In its early days, the shelter was basically one big room where our homeless relatives, friends, and fellow Mendo residents slept during the coldest months of the year.
On one of those recent cold, late December days when I visited the shelter, 46 “guests” (the preferred reference to the homeless individuals staying there) had slept in the shelter dormitory the night before. According to the latest stats that Homeless Housing Manager Sage Wolf shared with me (for October), 100 visited the Day Center, 40 took showers, and 30 did their laundry.
Though the numbers had not yet been tabulated when I visited, Wolf told me that November’s numbers were higher. There’s no kitchen yet, per se, though there are toasters and microwaves where guests can cobble together mostly non-perishable foods when not taking meals at Plowshares across the street or at churches and other local places where meals are prepared for people living on the streets who have nowhere and nothing to eat.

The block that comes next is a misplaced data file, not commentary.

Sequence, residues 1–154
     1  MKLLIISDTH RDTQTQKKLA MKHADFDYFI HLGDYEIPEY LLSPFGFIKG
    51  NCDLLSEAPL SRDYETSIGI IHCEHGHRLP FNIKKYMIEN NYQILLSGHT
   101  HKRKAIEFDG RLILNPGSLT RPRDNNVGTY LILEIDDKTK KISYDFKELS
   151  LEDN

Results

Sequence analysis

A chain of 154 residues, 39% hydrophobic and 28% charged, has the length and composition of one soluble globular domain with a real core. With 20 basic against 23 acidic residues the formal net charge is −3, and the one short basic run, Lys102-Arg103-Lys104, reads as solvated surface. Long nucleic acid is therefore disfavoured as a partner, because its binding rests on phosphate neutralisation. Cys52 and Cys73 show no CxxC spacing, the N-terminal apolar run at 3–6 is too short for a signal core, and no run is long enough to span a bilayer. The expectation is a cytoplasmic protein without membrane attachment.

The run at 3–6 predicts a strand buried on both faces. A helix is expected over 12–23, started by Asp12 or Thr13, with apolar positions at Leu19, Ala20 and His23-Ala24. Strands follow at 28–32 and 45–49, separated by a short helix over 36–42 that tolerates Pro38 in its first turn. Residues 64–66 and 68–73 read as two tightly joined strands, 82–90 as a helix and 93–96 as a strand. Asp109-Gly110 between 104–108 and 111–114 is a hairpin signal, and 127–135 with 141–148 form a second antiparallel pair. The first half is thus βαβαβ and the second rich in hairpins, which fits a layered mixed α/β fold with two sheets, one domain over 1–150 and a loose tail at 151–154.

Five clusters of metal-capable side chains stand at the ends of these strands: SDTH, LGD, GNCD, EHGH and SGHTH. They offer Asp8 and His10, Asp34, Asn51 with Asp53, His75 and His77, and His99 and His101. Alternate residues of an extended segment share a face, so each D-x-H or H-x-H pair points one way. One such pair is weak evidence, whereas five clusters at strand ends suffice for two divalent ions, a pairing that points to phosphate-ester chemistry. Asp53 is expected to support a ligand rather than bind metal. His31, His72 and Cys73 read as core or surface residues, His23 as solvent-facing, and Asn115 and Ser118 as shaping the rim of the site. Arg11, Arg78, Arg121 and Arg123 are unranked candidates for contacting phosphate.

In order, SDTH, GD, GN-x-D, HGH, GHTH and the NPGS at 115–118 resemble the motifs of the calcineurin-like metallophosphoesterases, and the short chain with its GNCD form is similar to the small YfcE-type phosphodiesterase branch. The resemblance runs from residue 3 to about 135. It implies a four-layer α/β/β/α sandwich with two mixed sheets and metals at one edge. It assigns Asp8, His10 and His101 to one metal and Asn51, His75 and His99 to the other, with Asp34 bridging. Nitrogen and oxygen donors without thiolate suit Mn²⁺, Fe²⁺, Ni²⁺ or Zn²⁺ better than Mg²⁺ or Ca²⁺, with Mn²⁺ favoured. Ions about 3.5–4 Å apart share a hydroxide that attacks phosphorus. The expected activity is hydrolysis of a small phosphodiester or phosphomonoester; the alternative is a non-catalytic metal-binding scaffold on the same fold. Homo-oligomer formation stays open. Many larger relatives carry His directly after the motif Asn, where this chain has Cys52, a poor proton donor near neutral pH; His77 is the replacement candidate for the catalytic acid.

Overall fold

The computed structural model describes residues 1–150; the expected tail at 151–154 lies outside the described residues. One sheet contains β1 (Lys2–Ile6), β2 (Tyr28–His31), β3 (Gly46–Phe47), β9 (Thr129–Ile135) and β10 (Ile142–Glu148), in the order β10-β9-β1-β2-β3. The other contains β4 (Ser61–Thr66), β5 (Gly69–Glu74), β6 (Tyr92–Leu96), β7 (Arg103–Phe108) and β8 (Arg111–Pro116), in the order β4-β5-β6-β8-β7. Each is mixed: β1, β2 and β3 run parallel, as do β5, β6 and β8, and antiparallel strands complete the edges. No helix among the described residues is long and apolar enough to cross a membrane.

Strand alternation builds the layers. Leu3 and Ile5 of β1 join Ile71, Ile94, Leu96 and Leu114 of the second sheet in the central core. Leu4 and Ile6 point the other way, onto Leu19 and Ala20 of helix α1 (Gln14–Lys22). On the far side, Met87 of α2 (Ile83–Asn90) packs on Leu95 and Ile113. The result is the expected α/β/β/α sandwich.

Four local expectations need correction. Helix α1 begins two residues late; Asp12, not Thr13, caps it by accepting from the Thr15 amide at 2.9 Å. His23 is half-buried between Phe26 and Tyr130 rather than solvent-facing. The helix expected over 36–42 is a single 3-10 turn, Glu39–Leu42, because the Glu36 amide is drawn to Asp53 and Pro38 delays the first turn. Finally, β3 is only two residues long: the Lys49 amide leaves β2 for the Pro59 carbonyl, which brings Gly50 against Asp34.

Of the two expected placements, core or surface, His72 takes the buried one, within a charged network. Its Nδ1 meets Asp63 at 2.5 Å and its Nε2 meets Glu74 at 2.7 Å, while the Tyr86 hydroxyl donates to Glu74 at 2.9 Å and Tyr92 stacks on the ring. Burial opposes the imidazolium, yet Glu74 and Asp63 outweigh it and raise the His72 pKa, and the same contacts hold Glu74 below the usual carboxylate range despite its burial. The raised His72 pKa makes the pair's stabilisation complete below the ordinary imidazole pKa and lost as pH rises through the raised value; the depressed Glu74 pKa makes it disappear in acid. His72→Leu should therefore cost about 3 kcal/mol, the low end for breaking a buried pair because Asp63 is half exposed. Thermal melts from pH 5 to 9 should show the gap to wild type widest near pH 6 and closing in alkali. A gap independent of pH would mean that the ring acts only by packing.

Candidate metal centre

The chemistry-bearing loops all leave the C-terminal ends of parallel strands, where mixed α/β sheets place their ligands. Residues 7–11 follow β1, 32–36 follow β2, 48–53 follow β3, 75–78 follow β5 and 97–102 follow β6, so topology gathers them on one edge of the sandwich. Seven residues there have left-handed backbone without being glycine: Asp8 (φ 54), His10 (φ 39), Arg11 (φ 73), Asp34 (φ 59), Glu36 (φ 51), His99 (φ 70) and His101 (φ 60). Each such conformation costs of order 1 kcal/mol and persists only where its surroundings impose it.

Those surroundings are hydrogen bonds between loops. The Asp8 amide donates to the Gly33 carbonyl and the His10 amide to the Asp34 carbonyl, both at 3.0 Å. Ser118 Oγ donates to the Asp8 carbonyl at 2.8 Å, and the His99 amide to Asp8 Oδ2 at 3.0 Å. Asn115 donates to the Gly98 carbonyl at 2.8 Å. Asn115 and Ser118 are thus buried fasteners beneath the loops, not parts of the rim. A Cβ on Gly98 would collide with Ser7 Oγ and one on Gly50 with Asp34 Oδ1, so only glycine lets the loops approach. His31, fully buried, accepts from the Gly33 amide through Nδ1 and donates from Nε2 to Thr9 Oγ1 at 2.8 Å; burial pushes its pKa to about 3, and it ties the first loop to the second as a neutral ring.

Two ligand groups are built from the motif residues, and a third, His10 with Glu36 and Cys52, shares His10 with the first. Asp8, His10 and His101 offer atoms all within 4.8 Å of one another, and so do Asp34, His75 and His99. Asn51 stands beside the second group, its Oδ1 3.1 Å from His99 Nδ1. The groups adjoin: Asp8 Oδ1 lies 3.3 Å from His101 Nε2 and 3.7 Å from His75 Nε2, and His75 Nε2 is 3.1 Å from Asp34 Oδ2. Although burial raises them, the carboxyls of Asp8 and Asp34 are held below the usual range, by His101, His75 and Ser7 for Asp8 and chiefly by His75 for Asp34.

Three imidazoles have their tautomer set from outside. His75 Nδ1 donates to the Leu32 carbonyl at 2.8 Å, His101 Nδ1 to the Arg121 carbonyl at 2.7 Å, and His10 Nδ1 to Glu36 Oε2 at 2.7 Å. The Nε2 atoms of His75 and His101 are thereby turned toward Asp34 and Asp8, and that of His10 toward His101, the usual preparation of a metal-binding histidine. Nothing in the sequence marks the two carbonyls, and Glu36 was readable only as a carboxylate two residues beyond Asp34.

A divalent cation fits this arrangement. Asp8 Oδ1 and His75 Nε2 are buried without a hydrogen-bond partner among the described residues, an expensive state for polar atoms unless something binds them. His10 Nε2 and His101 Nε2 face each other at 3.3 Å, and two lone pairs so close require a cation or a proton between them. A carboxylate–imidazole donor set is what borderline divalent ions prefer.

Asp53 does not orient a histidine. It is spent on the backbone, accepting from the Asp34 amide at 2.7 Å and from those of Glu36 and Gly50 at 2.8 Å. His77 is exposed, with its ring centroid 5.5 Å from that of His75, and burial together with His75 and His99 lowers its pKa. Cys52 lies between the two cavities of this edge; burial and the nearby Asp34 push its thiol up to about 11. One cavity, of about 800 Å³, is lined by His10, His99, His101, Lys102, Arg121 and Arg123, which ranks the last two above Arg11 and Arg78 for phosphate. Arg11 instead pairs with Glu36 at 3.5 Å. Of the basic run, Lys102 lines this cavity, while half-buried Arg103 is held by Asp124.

A recent addition to the dozen or so full- and part-timers who make up the shelter staff, Lead Peer Support Counselor Dan Twyman, has worked at the shelter for about a year and a half; he moved to Ukiah from Tennessee with his wife so she could accept a teaching position at the college.
Irrepressibly cheerful and upbeat and speaking in a soft, lilting southern accent, he said that, compared with last year, the shelter is running much more smoothly with its expanded facilities and services. “Last year we had a lot of tension because we had such limited services,” he said. “A lot of people come in with walkers, or on crutches. We also deal with a lot of people in some state of intoxication.”